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Fidget Tools Are Not Toys!

Fidget spinners. Fidget cubes. Chances are if you are in any way involved with children you have heard of them. Ask a teacher and they will probably tell you they are the bane of their existence as they cause distraction and reduced attention in the classroom.

But are "fidgets" really that bad?

Teachers often report that fidgets in the classroom cause students to be distracted.

Teachers often report that fidgets in the classroom cause students to be distracted.

Well, yes... and no. Fidgets were created for a specific reason - to help children process and regulate the information they receive from their senses to improve their attention and concentration.

But, to a child it will appear that the person next to them is playing with the latest toy and, like all things shiny and new, they want one too. The difficulty is that while a fidget will improve attention and concentration for those children that need the extra sensory input, it will be a disruption for those who don’t and when everyone in the class has one, even those who don’t need it, they are no longer helpful but a distraction.

But Muuh-um, Johnny has one and its soooo cool. He said it helps him concentrate! It’ll help me concentrate too. Can I have one? Phuuu-leeeeeeaaaasssee Muuum"…
Conversations like this occurred in households everywhere when fidgets were first launched.

A child’s main occupation is learning – this includes learning to regulate the information they receive from their senses. Children understand they need to move; however, lack the experience to know that the movement needn’t be disrupting to everyone. They understand it’s important to sit and concentrate, but that "toy" Johnny has looks like more fun.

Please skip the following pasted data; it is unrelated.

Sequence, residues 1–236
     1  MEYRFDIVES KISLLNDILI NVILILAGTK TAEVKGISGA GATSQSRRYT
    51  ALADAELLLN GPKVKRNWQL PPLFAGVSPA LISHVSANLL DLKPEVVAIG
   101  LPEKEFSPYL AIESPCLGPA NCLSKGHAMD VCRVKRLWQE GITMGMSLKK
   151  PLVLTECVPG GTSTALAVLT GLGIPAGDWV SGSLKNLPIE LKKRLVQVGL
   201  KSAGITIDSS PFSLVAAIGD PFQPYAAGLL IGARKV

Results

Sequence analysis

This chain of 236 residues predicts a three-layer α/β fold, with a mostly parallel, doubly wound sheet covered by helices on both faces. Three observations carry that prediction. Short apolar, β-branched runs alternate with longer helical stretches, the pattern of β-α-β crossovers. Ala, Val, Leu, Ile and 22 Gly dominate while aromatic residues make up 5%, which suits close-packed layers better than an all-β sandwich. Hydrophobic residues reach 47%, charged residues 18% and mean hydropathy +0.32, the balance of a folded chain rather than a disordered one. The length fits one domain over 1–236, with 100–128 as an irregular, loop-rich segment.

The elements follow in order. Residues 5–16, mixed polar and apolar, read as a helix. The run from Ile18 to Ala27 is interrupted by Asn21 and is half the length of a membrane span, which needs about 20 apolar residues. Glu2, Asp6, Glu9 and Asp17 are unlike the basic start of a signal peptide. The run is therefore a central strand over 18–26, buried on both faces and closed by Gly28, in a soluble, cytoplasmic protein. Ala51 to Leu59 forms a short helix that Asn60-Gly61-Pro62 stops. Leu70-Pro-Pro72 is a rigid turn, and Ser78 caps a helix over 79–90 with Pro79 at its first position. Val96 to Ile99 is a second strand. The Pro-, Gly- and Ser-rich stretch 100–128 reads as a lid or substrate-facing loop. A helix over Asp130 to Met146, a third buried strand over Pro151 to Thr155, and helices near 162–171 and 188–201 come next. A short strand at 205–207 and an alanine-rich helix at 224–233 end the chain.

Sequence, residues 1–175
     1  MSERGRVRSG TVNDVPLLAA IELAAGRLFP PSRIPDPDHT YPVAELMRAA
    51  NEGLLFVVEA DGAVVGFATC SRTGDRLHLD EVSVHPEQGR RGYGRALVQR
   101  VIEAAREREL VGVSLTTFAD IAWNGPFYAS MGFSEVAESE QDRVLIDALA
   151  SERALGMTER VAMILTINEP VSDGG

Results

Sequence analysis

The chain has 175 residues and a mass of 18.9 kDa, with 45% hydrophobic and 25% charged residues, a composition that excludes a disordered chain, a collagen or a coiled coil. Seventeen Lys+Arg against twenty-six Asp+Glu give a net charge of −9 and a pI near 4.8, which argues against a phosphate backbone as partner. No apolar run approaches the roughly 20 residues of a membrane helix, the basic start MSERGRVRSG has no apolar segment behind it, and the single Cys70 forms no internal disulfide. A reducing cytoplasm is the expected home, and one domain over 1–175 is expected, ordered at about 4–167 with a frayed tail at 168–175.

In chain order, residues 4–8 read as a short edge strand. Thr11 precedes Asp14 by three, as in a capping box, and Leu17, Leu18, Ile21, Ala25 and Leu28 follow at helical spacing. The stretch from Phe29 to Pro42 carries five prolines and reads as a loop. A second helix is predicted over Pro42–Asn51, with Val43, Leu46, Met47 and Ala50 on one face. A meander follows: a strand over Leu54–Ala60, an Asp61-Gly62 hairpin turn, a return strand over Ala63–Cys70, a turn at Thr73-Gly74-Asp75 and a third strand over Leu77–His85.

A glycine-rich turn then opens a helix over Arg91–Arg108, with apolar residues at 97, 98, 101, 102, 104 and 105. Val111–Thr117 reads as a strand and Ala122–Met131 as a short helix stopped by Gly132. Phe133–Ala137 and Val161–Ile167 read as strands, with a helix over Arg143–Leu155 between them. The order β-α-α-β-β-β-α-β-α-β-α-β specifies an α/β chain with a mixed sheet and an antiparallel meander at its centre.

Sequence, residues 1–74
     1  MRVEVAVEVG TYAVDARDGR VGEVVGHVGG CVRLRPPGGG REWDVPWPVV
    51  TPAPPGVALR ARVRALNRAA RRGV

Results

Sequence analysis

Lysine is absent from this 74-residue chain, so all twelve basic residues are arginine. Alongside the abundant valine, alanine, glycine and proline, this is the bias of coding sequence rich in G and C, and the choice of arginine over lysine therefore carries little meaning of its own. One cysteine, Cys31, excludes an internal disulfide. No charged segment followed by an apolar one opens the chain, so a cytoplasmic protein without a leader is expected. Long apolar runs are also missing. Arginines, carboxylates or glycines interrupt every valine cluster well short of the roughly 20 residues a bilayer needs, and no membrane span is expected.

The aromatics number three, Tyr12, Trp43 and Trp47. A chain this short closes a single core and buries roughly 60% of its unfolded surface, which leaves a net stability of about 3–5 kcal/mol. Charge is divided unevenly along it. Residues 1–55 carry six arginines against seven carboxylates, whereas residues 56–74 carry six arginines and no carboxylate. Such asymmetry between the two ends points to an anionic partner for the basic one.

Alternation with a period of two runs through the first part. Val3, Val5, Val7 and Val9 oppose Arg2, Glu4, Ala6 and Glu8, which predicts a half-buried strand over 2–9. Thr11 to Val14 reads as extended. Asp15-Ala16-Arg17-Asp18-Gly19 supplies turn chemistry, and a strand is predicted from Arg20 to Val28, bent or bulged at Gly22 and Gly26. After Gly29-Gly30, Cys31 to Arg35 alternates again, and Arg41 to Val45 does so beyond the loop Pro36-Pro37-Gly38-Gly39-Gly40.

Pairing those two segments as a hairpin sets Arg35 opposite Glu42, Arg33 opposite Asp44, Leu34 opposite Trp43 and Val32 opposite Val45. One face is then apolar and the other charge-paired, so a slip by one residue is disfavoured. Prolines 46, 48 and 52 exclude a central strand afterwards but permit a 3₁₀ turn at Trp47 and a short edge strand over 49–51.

For those children that need movement or touch to regulate their sensory input a fidget tool can help. Beyond fidget spinners and cubes, a fidget tool can be something discrete that can fit in a pocket, or even put on a finger to help your child manage that need for movement.

A Chewigem bracelet is fidget for tactile and oral seeking behaviours.

A discrete piece of fabric or a rubber toy in a pocket that can be rubbed or squeezed; a ring that provides deep pressure on a finger and can be discretely adjusted; or a wrist band for busy fingers to fiddle with on are just some examples.

Parents, students and teachers can work together to set basic ground rules around when and how fidgets can be used in the classroom to minimise the distraction factor. Rules might include using it only to help with attention and concentration and putting it away if it distracts other people or starts to be used like a toy.

Similar to a doctor prescribing medicine, sensory preferences are unique; what will work for one child will not suit another. An Occupational Therapist or the staff at Access Therapy Services in Townsville can help you decide what might work best for your child’s needs.

By equipping parents, children and teachers with the knowledge of why and when fidget tools should be used, we can educate our children and hopefully reduce the FOMO (Fear of Missing Out) they experience when they see another child with something that they don't have.

 

Author: Kymberley Walker

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Townsville, QLD 4812

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